a journal of my creative efforts, past and present

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Location: Berkeley, California, United States

Wednesday, August 10, 2016

Burning Man Piece #2: Where the Heart Lies

This second Burning Man piece is intended to go into the "old age" section of the Black Rock Lighthouse. I decided to focus on the idea of "home", or more specifically, my wishes to create a welcoming and nurturing home for myself and others sometime in the future. As many of my friends and acquaintances know, I had to move twice in the last two and a half years. The first move was the result of an owner move-in and the second time I was priced out. Both of these places were located in Oakland.

I think the first loss was the most difficult for me both financially and emotionally. I had been in the apartment for over ten years and had grown very accustomed to having lots of space for my art and art supplies. I work in several mediums - photography, painting and multimedia (film and animation)  - and I participate in shows on a regular basis, so you can imagine the amount of space I can potentially fill up over time.

I also loved the location and close proximity to Sausal Creek. The back area included a two level deck surrounded by oak trees. The trees and creek provided a home for all kinds of birds and wildlife including owls, raccoons, salamanders, opossum, squirrels and crows. I think I miss hearing the crows most of all and the sound of the running water in the creek following a heavy rain.

I am now renting a room in Berkeley. Even my room is very nice, I would like to have my own place again. I know this is unlikely to happen in the SF Bay Area because the cost of living is so high. It is definitely beyond my current means. Even so, I refuse to give up the dream. So this piece, destined for the flames, will be like a wish going out into the universe. I don't expect that it will happen, but it would be lovely if it did, and I intend to share my refuge with others should that fortunate day ever arrive.

Where the Heart Lies in various sections and stages of production:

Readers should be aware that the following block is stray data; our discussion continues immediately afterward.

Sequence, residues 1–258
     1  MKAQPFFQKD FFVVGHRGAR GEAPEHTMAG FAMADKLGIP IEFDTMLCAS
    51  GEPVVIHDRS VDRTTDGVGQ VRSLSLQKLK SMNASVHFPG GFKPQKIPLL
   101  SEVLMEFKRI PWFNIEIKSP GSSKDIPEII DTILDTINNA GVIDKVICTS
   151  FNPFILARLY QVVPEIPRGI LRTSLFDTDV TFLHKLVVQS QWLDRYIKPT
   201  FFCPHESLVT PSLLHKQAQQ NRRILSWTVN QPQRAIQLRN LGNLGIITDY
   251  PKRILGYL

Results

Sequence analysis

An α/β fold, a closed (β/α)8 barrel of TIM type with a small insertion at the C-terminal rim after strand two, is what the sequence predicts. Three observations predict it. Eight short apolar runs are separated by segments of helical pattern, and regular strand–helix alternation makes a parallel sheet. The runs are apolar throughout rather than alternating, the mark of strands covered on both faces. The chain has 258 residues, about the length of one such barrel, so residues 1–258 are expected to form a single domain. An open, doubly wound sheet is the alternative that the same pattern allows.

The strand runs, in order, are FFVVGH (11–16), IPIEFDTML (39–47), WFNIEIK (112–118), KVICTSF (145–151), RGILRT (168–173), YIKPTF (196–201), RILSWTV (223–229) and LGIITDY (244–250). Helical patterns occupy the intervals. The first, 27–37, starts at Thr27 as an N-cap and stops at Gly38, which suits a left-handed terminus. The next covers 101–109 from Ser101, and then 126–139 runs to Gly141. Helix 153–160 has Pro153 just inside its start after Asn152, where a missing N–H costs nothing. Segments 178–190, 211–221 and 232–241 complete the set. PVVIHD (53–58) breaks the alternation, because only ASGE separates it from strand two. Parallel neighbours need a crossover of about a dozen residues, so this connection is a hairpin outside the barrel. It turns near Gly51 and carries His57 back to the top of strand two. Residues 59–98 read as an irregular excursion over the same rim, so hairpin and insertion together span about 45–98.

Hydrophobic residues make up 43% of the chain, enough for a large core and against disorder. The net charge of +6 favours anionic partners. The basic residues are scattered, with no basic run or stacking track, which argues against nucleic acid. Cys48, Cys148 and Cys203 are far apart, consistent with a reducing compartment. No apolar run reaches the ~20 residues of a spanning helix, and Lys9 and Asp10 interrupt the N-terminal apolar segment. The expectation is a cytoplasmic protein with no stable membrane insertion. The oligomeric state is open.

The first step was finding the right nest. Everything was going to be built around that.  I wanted something that looked "woodsy" because it is my wish to be surrounded by tall trees, birds and wildlife. I also wanted to have a rich red wine color for the background. In this photo, the nest is placed on my bathrobe. I had not yet found the right fabric.

I experimented a few times with the branches. The first set was three dimensional, but they looked too much like round tubes, so I decided to go with the flat cardboard backing and quilted surface. This gave me more control over the shape and direction of the branches. Here you can see the cotton batting underneath the felt. The branches are shaped to resemble arteries coming out of the heart.

I made use of the wabi sabi nature of my stitches by painting darker lines on top of the stitches, sides and trunk. Later, I added moss and green felt leaves to give the impression that the tree and nest had been growing for some time.

I thought the classical looking clay head sculpture would be a good addition to the nest along with the small booklet, silver birthday candles, coins and glass vase. I didn't realize the bottle included the words "Life, Health and Vitality" until after I had already glued it down into the nest. How fortunate is that?!

The flowers and bits of beeswax represent my desire to have a thriving garden, one that would hopefully attract birds, bees and other benevolent insects. The fortune was another lucky find. The words seemed perfect for the overall theme. I used to host a film club, artist gatherings and holiday parties when I lived in the spacious apartment near Sausal Creek. I would like to do that again someday when I have the right space. Maybe then I will have picked up more advanced cooking skills! I plan to start learning more about cooking within the next few weeks, so I will have a good head start.

Here is a view of the main trunk where the two arteries meet. I incorporated some real branches that I found while walking home from work one day. They added a lot of dimension to the piece which the Burning Man viewers will see. It's not quite evident in the 2d photos here.

Here is an overview of the completed piece. It was challenging to photograph due to the contrasty surfaces of white paper, metallic gold and silver and the deep browns and reds of the nest, trunk and background fabric. This snapshot was the best I could do. It gives you a rough idea though, short of going to the event itself and seeing it in-person.

Thanks again to Raven Ebner for inviting me to participate. I'm looking forward to seeing photos of the installation as a whole. I will include links in my blog when the time comes.


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